Mystery / Suspense
Blood Storm is a modern private detective novel based in
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Mitch King is beset with gnawing insecurity and self-doubt. These inner flaws lead him to overreach and bring problems onto his head. He faces a constant struggle to keep a steady keel within his traumatic lifestyle. King’s obsession in dealing with his insecurity creates havoc. We follow Mitch through his intriguing and exciting encounters, and experience sympathy for Mitch's interior conflicts and his very human endeavor to fid himself.
Blood Storm again takes place in Houston, and the surrounding Gulf Coast. Two principal plotlines are interwoven. A serial killer, the Slicer, has been murdering women in the Houston area, and Mitch finds himself inexorably drawn into the search. Mitch also investigates a runaway trophy wife and uncovers a deeply troubled family relationship that might lead to terrible consequences. These two disparate cases create turmoil in Mitch’s life and threaten him and his clients with disaster.
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It was nearly midnight when I stepped off the splintery wooden porch of the tavern and headed toward my car. I’d finished my tedious business with the bar owner and only wanted to get my weary self home before Houston dumped yet another rain squall on my head.
The earlier shower had let up, but water still pooled throughout the poorly lit and uneven gravel of the parking lot. I was negotiating a large puddle near a Silverado when I smelled cigarette smoke and heard a muffled cough. This small distraction put me on edge because muggers often target drunks leaving taverns as easy prey. I was sober but the robbers wouldn’t care. I didn’t see anyone, but I reached beneath my jacket anyway, hand on the .45’s grip, loosening the pistol partway from its holster.
A sudden movement in the shadows, a metallic click. Something bad was going down.
I stepped back but put my foot into a chuckhole and slipped, falling square on my butt. Before I had time to cuss, fire erupted where my head had been a moment before and I was momentarily dazed from the muzzle flash and noise. I quickly scooted behind the truck’s big rear tire, pulled out my pistol, clicked off the safety, and stayed quiet.
My ears rang from the blast but the cycling of the pump shotgun was still unmistakable. I even heard the little ching from the empty shell casing hitting the gravel. Who it was I didn’t know, but he wasn’t as much a mugger as murderer. I had about two seconds before the attacker got around the tailgate for another shot.
I peered under the truck frame and saw cowboy boots creeping along on the other side, silhouetted by a distant streetlight. I aimed, fired, and got lucky. There was a grunt of pain and a man’s body landed with a whump. He was wriggling around on his back, trying to point the shotgun toward me beneath the truck. I fired at his bearded face three times, and then rolled away to seek better shelter, putting more vehicles between the shooter and me.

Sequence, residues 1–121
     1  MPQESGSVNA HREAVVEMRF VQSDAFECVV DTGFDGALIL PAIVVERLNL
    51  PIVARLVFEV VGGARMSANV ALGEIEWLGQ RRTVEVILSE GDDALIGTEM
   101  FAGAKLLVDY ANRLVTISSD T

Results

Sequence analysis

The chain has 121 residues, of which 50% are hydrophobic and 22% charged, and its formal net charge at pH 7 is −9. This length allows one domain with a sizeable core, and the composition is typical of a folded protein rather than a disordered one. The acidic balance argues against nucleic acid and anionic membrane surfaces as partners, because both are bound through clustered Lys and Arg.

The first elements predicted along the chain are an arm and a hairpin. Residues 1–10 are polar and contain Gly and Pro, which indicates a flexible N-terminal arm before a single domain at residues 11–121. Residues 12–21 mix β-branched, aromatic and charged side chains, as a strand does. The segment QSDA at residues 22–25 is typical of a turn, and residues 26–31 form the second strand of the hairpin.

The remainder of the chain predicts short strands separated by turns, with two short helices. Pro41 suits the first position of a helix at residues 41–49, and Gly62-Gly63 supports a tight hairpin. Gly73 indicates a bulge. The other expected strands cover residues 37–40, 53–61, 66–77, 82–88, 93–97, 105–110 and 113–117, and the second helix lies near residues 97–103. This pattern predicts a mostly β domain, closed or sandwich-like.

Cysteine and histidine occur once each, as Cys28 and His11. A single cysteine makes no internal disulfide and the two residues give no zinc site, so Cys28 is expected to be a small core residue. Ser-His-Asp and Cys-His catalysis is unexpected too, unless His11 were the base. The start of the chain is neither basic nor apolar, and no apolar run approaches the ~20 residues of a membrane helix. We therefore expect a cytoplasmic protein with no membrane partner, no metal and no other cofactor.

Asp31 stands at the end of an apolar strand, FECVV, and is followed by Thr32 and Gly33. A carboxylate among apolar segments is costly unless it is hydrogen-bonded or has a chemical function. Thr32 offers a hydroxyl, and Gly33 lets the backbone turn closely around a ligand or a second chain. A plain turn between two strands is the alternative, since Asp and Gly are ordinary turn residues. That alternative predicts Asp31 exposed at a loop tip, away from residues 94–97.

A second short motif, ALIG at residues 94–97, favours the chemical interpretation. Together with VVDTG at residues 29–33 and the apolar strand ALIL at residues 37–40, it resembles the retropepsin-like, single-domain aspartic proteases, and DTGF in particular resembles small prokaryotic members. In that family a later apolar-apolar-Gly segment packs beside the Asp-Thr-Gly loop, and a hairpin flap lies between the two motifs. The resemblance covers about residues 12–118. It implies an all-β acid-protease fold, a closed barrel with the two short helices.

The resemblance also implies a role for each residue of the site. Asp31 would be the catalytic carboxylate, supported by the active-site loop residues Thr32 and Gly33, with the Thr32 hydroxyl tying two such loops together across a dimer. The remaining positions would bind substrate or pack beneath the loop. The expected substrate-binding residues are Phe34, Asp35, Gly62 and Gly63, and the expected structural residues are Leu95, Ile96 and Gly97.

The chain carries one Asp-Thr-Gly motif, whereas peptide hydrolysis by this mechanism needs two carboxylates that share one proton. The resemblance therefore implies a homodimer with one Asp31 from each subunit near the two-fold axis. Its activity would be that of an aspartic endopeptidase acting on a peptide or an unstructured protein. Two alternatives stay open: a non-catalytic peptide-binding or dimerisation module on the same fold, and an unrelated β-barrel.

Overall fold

No further movement from the man and nothing else immediately threatened. I hit the release and the nearly empty magazine dropped free. I grabbed a full mag from my shoulder rig and slammed it into the pistol.
I cautiously rose to my feet, peeking around the far side of a rusty pickup. As people began yelling from the doorway of the bar, I eased from behind the truck, aiming my pistol at the man lying on the ground, ready to fire again.
It wasn’t necessary. One of my hollowpoints got him straight through the neck and tore a gaping hole. There was plenty of blood and he wasn’t getting up again, ever. I took a closer look and recognized my old biker nemesis Dutch. He and I had a scuffle in Mid City last spring and he’d sworn to get even. But typical for Dutch, things just hadn’t worked out his way. A half-smoked gore-splattered cigarette lay beside his head. Dutch should have known that smoking was bad for his health.
After making sure nobody else was trying to kill me, I clicked my .45 on safe and walked toward the bar. Everyone was calling and gesturing but I paid no attention. Things were fine until the excitement and emotional surge caught up with me, and all the steam and piss and vinegar inside went swirling away. I sagged to grab at the porch railing and plunked down on the top step, pistol dangling idly from my fingers. I gasped and choked back the tears.
Tell us about your current release.
Blood Storm is the second novel in my Mitch King private detective series. The first novel is Blood Spiral. Blood Storm was released in both paperback and Kindle formats in late 2011, and is available via Amazon and other venues.
I’ve tried to create a mystery series that bridges the gap between old-fashioned hardboiled private eyes (PIs) and the modern 20th Century literary creation of flawed antiheroes.
Unlike most stereotypical PIs, Mitch King is highly educated and comfortable with today’s technology. He’s definitely not a retro character. Despite his apparent sophistication, however, Mitch is deeply conflicted and agonizes over his decisions. These internal struggles often surface when Mitch attempts exert his influence over his clients and friends, and this can quickly lead to tragedy.
So I’m combining a strong action-oriented mystery with a protagonist who’s up to his neck in a swamp of his own creation. On one hand we’ve got a modern thriller, but it’s balanced with a much more sophisticated internalized dialogue about morality and failures inherent in our human society.